Boom Boom Mancini, Duk Koo Kim, Iron Men and never backing down

Among other interests, I have a relatively recent love of boxing and a much older love of the musician Warren Zevon (who wrote a song about Boom Boom Mancini).  I have found boxing metaphorically more accessible to modern audiences and a bit more cross cultural than direct references to berserks and gangr.  It allows one to compare the style of a very technical fighter to a more brutal one and this can translate well in analogies.  Additionally, it is far more practical for me to study boxing directly and participate than it would be to be seen swinging an axe. 

This post/observation ties to the story of Ray “Boom Boom” Mancini, another boxer named Duk Koo Kim, the very old boxing concept of the “Iron Man” and the price of a No Retreat, No Surrender mindset. 

First, some links for Boom Boom Mancini and Duk Koo Kim: (Also Duk Koo Kim)

Second, on the concept of the Iron Man.  My first encounter of the term is actually from the works of Robert E. Howard, himself an amateur boxer and a great lover of Iron Men.  The core concept is a fighter who wins by “toughing it out” rather than skill.  Here are two links relating to the Iron Man: (It is a bit puffed up with a lot of boxing jargon.)

A link to a copy of Howard’s story:

The basic concept is of a man who wins less by being a great technical boxer and more by being able to take a tremendous amount of punishment.  That is also the nature of the protagonist in the story.  Howard’s other boxing characters are very similar.  The concept, at least back in the pre-WW2 era, was that an Iron Man was very tough and won by out lasting a better boxer.  As I said above, I feel it is a reasonably more modern metaphor for the berserk, with some variances.

My core point is that, in boxing, like in some other areas of life, there is a focus on fighting spirit, “heart” or “sand”.  You also see this in the Rocky movies, as the main character there is less about technique and more about taking an incredible beating and then rising to still defeat his opponent.  The “tough it out” approach.  This is also a core element to our vision of the berserk, the man who is all attack and never backs down.  It is an appealing image, especially to a certain sort of macho/tough guy stereotype.  I understand why that non compromising stance seems so appealing to us and why we respect it when we see it and idolize it in story.  In some ways, that never back down element is a strong part of the Fire path.  But, it is ALSO what killed Duk Koo Kim.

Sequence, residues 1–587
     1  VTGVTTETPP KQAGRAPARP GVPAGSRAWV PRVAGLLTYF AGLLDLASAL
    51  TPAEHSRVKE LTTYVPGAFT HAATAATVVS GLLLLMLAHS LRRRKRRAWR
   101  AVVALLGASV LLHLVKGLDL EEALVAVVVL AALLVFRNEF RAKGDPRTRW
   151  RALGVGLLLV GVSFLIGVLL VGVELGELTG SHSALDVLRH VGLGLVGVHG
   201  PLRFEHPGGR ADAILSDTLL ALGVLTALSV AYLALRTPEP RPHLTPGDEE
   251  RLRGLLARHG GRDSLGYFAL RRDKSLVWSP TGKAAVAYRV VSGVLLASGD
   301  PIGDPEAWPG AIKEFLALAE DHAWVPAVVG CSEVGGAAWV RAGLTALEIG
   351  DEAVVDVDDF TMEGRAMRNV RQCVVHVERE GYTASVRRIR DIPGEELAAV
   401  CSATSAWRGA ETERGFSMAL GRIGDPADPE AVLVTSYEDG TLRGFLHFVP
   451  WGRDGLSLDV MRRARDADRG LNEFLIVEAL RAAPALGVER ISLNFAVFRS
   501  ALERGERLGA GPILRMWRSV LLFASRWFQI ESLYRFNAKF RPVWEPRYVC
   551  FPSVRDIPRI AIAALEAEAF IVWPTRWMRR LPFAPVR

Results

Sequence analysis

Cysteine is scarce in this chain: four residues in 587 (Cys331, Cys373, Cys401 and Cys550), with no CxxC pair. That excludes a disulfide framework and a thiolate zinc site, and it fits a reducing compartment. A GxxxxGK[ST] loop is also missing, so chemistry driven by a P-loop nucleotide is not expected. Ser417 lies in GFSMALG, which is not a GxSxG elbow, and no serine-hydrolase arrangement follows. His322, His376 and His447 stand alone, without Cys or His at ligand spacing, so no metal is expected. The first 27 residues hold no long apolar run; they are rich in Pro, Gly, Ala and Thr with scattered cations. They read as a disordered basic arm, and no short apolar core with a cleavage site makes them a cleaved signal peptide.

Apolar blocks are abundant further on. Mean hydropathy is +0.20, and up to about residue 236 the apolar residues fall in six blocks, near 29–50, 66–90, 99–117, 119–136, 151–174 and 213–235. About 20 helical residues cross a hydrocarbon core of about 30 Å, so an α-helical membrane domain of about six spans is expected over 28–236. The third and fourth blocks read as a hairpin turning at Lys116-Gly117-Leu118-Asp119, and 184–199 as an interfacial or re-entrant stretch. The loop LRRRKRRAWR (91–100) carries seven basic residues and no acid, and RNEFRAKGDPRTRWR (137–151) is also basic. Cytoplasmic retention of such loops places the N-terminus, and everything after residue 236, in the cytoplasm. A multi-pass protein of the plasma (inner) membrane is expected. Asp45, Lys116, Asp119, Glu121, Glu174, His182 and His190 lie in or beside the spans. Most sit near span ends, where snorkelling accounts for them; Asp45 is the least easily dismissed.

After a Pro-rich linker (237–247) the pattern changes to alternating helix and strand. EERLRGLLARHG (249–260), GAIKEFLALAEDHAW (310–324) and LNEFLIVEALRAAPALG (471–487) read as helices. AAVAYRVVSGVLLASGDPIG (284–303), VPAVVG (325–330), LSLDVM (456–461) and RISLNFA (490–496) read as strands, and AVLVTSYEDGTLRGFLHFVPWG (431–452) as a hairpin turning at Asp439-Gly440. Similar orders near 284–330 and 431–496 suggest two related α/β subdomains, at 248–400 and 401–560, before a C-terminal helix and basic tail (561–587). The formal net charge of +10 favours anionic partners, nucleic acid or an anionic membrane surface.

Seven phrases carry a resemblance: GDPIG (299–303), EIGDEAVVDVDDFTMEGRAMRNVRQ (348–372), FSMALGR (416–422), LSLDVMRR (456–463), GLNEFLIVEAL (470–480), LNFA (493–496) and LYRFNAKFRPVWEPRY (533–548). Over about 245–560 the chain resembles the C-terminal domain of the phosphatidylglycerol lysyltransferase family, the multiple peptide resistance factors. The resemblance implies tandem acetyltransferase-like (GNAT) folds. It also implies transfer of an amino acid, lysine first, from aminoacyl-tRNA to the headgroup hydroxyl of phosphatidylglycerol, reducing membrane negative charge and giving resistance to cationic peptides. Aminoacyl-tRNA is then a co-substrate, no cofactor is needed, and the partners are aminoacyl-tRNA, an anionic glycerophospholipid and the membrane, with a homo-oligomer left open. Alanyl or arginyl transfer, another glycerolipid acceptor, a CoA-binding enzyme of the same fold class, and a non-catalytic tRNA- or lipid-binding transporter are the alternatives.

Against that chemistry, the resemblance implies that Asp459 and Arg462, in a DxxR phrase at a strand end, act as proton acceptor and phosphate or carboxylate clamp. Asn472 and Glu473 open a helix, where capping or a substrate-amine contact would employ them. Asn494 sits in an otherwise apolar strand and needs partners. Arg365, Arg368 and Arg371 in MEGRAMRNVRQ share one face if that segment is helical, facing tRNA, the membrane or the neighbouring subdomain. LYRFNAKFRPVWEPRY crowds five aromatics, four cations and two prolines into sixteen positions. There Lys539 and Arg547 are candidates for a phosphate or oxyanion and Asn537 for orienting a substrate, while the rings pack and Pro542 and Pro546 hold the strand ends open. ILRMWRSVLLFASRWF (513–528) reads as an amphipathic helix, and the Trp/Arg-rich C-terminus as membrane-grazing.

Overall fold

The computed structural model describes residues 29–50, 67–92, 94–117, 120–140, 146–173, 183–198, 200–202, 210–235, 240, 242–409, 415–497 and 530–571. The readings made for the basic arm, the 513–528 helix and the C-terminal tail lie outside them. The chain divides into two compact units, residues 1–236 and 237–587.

Remember him?  He was the one Boom Boom Mancini fought in the ring and partially what the song I linked was about.  Duk Koo Kim was a little known but very tough fighter from Korea who won mostly by never giving up.   Kim was a small town boxer and Korean champion who never backed down and ended up, somehow, fighting well above his league.  As mentioned in the second article above, a reporter saw “Live or Die” in Korean on a lamp shade.  Sadly, that was prophetic.

From the New York Daily News article:

Mancini dropped Kim in the 14th, and though he beat the 10 count, Green stopped the fight. While Mancini was celebrating the victory, Kim collapsed in the corner. He was carried out of the ring on a stretcher and rushed to Las Vegas’ Desert Springs Hospital, where he had 2½  hours of surgery on his brain to remove a blood clot and relieve pressure in his skull.

“I thought I could save him,” says neurosurgeon Lonnie Hammagren, who specializes in treating fighters. “I was able to remove the blood clot,  but the pressure was so high that there was no blood flow to his brain.”

Kim had no brain function and lingered in a coma for four days on life support.

Kim fought valiantly, never gave up, took tremendous punishment and it KILLED him.  I use this as an example of the limitations of a pure Fire/Berserk/Tough Guy mindset.  I think it has great value, and there are times such an approach may be needed but remember that our adrenal response is for Fight AND Flight.  There are times to back away and many more times never to fight in the first place.  Much as we may idolize Iron Men and those that never back down or compromise, the metaphor and the example has some severe flaws. 

There are additional elements to the story.  On the positive, it changed boxing significantly with the dropping of 15 round fights, stronger medical supervision and more pressure on referees to stop fights that seem too one sided. (Compare the actions of referees in older fights to newer ones and you will see a difference.) On the negative, the mother Duk Koo Kim and the referee of the fight committed suicide within less than a year and Mancini was haunted by the death for the rest of his career and beyond. 

In earlier posts, I have talked about community and the importance of community to helping someone walk a Fire path.  It is important to have positive Passions that help guide us and give us a Home Base:

There and elsewhere, I talk about the importance of our community to us.  Remember, none of us stands alone and everything we do touches others.  In our rage, we can forget this.  Work to remember that you are part of something more than you sometimes see.  Our standing and fighting with Passion is very powerful but sometimes it i so powerful that it can incinerate us and burn those around us.

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